Dr Simon Holliday 
Dr Simon Holliday has been a rural general practitioner in NSW for three decades and a part-time staff specialist for the Drug and Alcohol Clinical Services of the Hunter New England Local Health District at Manning Hospital, Taree. He is immediate past chair of the RACGP Specific Interests Network for Pain Management and a Conjoint Lecturer, School of Medicine and Public Health, University of Newcastle. 

Simon has been principal author and/or collaborator on several opinion pieces and research studies on the management of pain, addiction and psychoactive pharmaceuticals in general practice, and the evaluation of such education for GPs.

Dr Hester Wilson
A Fellow of RACGP and a Fellow of the Chapter of Addiction Medicine in the RACP, Dr Wilson completed her Masters in Mental Health in 2013. She has worked in primary health care settings for the last 25 years. 

With many years of working with people experiencing alcohol and other drug issues, Hester has a particular interest in opioids and prescription opioid use disorder. Currently undertaking a PhD, she works in general practice in Newtown, Sydney and is a staff specialist in addiction medicine in South East Sydney Local Health District.


Learning outcomes

By the end of this activity, participants will be able to:

  • Identify patients with risk factors and implement strategies to reduce opioid-related harms
  • Recommend appropriate strategies and support patients during the opioid tapering process to increase the chance of success
  • Identify and refer patients with complex needs to appropriate support services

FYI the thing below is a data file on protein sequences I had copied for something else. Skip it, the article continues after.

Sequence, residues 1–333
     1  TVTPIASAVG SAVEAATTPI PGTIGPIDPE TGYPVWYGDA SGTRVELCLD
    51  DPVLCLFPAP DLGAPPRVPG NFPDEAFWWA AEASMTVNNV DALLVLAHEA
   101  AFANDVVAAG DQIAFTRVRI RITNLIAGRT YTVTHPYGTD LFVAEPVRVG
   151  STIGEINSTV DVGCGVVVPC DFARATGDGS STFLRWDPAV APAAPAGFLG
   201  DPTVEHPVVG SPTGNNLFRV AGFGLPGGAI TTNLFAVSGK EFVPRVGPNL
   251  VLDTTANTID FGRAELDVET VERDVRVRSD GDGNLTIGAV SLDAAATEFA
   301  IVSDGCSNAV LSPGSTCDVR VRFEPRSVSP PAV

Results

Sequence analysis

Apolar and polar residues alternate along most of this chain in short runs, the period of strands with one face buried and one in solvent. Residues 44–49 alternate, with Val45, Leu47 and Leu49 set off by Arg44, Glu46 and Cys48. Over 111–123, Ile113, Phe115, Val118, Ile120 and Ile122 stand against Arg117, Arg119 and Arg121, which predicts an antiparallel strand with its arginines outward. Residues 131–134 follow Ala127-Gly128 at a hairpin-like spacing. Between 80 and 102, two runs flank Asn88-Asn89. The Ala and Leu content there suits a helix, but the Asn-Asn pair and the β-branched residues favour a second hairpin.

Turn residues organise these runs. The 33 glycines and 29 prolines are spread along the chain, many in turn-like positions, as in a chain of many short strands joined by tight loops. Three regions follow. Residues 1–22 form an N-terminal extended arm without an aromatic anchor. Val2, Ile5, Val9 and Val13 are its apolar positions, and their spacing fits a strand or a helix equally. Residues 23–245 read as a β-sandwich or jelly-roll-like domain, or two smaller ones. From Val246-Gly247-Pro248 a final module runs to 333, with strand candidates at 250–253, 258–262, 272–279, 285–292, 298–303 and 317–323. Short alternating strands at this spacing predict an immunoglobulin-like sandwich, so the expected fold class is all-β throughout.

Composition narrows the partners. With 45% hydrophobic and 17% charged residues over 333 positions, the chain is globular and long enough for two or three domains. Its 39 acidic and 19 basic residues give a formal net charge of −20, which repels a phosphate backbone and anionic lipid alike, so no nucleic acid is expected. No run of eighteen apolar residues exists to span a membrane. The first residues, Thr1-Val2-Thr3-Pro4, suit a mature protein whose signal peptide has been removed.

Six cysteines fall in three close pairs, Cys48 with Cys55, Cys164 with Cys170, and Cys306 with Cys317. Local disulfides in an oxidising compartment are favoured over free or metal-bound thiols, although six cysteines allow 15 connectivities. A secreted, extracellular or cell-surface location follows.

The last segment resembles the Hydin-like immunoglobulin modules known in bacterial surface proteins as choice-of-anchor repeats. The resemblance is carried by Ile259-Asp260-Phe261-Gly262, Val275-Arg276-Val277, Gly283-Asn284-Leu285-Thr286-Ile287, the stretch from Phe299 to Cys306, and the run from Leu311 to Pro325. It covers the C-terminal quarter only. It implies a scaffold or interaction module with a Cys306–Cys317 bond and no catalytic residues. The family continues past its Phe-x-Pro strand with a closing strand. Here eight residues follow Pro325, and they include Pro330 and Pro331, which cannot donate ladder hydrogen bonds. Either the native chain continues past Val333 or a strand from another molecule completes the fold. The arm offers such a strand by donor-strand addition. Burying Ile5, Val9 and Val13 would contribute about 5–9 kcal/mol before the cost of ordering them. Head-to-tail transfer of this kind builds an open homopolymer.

Reading & resources

Webinar slides

Regulatory changes

Non-pharmacological treatments


  • MedicineWise News: 5 steps to tapering opioids – focuses on safe tapering of opioids and provides commentary on the tapering algorithm
  • Conversation starters – useful verbatims for health professionals to start the conversation about tapering with patients
  • Patient action plan: Lowering your opioid dose – GP-mediated resource that aims to facilitate a discussion about the possible benefits of tapering, what’s involved in the process and help doctors and patients agree a planned approach
  • Communication videos – aim to support effective conversations between health professionals and patients about the use of opioids for the management of chronic non-cancer pain
  • Faculty of Pain Medicine ANZACA: Opioids calculator

Additional information and support

VIC – 1800 812 804

TAS – 1800 630 093

NT – 1800 111 092

QLD – 1800 290 928

WA – (08) 6553 0520

NSW – 1800 250 015

SA – (08) 7087 1742

Training and online CPD activities

  • Clinical e-Audit – allows GPs to review their prescribing of opioids for patients with chronic non-cancer pain, with a focus on tapering opioids
  • Faculty of Pain Medicine ANZCA: Talking pain modules (PSA/SHPA)

Consumer resources